This paper examines teachers’ experiences of autonomy as they undertook Continuing Professional Development (CPD) in the form of Teacher Learning Communities (TLCs) to develop Assessment for Learning (AfL). Participant teacher interview data were used from two parallel TLC projects, one in Hong Kong and one in London, UK. Autonomy was defined in terms of taking initiatives, acting independently and making critical inquiries. Links between autonomy and effective CPD were argued and the findings indicated that some teachers in both the projects experienced limited autonomy in terms of taking initiatives and being critical, although several described a new sense of professional independence as they attended TLCs. Their limited autonomy looked likely to inhibit the long-lasting impact of the projects, although one TLC in London seemed likely to shape teachers’ AfL principles and practices more profoundly because attendance was voluntary and egalitarian. Copyright © 2013 Taylor & Francis Group, an informa business.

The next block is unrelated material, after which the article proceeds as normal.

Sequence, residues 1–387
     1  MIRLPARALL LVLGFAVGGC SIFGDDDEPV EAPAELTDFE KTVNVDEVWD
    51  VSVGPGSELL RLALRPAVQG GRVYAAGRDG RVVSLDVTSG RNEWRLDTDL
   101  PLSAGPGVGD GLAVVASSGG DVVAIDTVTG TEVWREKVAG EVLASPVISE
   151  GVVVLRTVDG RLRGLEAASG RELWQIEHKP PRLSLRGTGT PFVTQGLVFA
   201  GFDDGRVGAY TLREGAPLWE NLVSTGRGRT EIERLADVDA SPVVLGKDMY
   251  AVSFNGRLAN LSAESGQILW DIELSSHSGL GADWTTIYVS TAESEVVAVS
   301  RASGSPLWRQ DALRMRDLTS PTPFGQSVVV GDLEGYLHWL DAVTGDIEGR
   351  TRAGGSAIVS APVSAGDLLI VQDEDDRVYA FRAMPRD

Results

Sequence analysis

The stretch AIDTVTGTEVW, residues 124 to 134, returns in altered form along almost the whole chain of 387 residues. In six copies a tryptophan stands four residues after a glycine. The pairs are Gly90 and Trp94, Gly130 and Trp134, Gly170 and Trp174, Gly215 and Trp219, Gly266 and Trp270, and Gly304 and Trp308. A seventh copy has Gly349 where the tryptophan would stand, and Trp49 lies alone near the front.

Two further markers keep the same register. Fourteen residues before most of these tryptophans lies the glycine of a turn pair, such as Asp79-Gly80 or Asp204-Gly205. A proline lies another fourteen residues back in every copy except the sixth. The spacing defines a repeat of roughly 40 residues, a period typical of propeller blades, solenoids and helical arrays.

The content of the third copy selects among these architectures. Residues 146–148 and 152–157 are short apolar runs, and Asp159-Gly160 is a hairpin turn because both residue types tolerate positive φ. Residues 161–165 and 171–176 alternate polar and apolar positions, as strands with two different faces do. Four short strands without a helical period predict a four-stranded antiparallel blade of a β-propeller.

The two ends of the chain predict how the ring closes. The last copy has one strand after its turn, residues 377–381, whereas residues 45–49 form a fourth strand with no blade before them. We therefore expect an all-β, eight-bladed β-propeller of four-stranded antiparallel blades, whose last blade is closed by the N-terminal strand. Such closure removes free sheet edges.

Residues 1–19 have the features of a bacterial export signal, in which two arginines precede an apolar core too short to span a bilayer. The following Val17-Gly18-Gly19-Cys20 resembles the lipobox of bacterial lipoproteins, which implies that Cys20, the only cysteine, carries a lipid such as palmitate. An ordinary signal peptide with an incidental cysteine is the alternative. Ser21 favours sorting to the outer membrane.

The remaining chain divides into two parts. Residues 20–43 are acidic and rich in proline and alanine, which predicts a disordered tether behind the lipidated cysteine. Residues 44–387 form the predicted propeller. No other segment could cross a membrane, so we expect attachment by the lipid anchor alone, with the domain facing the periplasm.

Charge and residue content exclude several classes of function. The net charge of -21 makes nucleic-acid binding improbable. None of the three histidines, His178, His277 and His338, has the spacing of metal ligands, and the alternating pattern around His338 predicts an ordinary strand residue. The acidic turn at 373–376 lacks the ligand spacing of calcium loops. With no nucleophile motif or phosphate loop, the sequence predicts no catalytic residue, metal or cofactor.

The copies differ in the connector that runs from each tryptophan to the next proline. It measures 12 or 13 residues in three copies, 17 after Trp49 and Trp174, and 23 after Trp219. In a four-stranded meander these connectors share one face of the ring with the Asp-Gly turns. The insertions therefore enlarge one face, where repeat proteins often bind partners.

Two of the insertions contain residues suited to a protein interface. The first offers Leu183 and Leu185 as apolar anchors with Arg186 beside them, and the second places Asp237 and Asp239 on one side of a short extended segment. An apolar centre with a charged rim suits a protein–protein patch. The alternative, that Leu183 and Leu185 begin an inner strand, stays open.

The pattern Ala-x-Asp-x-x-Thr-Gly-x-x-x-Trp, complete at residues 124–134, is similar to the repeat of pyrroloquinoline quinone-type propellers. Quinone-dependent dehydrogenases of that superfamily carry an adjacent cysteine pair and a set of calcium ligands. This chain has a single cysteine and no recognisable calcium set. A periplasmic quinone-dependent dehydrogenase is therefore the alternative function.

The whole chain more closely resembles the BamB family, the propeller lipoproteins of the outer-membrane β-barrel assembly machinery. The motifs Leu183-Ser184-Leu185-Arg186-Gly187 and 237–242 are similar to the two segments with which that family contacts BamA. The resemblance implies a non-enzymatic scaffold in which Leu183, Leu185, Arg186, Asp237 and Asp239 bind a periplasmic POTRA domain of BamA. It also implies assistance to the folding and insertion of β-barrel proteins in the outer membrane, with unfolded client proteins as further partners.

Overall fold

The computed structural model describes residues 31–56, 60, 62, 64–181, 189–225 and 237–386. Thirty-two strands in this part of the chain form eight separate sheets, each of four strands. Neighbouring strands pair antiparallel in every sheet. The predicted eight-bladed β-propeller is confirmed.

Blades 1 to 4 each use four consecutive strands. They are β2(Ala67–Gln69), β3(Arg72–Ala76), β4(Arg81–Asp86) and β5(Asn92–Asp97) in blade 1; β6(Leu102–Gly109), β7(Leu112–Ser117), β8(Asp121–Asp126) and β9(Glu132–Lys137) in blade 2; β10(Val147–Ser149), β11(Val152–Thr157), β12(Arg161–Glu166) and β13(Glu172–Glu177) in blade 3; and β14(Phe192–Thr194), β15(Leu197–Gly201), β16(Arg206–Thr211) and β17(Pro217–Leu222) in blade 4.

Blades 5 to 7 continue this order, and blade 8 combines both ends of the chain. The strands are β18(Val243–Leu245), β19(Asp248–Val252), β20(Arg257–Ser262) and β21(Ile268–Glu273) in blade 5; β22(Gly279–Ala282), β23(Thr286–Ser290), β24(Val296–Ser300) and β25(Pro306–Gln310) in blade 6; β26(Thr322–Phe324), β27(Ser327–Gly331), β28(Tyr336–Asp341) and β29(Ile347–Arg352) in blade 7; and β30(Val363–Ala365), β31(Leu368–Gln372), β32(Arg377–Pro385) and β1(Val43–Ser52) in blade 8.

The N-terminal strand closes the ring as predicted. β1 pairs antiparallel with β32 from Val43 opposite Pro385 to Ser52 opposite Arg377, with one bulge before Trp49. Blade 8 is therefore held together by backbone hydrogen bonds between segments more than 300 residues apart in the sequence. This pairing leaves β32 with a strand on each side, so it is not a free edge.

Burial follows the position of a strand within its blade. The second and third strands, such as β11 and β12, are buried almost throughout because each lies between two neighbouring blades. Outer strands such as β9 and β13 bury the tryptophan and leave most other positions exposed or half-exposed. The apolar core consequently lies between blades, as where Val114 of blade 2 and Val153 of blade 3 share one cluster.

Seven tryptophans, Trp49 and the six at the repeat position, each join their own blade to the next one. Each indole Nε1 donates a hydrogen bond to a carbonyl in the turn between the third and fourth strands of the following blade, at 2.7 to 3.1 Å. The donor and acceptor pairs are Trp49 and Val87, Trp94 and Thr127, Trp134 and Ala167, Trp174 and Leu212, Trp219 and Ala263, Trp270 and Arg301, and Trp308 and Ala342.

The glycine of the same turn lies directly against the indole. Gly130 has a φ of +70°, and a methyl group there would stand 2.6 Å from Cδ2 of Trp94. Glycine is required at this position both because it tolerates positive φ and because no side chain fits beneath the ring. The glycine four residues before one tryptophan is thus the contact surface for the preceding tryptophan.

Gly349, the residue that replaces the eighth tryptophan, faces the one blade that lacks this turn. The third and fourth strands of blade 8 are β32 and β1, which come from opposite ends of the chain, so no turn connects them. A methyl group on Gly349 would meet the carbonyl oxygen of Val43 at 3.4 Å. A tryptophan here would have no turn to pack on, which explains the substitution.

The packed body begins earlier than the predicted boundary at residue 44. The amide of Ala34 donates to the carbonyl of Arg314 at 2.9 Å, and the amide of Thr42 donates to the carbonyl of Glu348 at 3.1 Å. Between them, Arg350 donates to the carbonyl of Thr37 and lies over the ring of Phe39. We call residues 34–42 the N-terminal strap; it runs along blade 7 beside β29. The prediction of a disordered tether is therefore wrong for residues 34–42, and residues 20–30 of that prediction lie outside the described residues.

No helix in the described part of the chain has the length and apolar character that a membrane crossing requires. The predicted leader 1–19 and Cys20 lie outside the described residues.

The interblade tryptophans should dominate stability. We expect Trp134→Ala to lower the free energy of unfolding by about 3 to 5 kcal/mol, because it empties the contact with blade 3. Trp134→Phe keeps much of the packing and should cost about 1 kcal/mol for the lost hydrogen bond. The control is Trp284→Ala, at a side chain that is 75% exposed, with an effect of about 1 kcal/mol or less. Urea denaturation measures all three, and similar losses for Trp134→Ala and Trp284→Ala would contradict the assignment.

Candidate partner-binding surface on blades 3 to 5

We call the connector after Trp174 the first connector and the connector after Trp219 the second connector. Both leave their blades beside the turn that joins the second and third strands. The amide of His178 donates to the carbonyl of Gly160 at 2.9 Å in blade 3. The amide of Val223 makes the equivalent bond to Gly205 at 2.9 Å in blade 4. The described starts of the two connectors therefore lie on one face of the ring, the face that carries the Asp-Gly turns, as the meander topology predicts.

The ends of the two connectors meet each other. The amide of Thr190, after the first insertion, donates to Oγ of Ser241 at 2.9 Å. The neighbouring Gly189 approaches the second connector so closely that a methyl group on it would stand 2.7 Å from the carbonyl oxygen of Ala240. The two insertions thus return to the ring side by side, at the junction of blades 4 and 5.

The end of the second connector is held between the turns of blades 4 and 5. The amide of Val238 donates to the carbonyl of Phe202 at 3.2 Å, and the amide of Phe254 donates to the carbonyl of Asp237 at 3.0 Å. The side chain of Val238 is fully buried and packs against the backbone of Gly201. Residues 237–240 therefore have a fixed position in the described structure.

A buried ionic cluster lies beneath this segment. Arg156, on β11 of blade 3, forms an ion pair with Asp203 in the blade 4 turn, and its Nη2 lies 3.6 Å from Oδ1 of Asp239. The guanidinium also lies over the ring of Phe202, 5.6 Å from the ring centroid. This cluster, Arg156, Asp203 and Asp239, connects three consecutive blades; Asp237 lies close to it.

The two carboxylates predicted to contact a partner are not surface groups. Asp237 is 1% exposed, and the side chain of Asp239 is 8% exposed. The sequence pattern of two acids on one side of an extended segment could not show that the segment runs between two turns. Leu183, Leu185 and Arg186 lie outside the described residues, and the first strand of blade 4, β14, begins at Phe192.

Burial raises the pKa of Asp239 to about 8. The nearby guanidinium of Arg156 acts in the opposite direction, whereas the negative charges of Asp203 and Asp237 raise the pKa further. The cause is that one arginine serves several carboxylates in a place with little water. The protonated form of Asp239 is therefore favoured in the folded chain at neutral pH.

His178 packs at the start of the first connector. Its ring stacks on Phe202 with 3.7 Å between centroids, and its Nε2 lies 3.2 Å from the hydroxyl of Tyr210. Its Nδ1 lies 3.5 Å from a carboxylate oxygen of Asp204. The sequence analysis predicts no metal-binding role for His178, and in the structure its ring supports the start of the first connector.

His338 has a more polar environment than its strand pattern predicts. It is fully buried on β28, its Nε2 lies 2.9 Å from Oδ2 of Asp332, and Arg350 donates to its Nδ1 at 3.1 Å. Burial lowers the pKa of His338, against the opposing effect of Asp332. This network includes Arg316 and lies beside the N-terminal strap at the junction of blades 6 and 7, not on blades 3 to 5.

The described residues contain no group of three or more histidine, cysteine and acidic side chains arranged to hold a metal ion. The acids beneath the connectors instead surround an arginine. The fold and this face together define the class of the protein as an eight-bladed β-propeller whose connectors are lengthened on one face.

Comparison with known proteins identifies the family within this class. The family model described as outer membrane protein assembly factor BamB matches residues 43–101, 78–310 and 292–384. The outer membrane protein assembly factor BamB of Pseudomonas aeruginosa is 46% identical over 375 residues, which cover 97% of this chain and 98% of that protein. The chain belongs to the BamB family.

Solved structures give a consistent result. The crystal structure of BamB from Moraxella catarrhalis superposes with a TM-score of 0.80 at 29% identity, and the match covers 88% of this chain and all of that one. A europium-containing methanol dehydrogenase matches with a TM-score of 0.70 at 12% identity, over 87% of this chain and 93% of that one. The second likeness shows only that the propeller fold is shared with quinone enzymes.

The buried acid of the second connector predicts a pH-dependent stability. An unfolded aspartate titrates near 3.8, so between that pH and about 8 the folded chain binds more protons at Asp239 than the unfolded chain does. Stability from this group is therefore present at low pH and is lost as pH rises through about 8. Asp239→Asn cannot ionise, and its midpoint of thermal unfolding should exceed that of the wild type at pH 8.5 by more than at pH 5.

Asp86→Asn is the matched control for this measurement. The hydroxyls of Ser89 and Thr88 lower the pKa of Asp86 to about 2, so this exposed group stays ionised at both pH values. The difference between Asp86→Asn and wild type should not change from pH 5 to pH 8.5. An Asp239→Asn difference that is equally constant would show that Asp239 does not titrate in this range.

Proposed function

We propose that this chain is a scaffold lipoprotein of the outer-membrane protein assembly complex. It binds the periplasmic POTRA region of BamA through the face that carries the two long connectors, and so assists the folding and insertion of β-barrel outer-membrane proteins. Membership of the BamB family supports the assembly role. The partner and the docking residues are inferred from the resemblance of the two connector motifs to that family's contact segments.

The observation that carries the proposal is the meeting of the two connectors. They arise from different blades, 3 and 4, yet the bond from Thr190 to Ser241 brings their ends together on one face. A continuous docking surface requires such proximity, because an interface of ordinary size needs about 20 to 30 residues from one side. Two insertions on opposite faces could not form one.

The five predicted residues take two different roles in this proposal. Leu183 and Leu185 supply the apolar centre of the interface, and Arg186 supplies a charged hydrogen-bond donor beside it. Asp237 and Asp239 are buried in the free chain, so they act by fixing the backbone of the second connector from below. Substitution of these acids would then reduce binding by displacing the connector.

|Journal||Teacher Development: An International Journal of Teachers' Professional Development|
|Early online date||Dec 2012|
|Publication status||Published - Feb 2013|
CitationHargreaves, E., Berry, R., Lai, Y. C., Leung, P., Scott, David, & Stobart, G. (2013). Teachers’ experiences of autonomy in continuing professional development: Teacher learning communities in London and Hong Kong. Teacher Development: An International Journal of Teachers' Professional Development, 17(1), 19-34.
- Continuing professional development
- Teacher learning communities
- Assessment for learning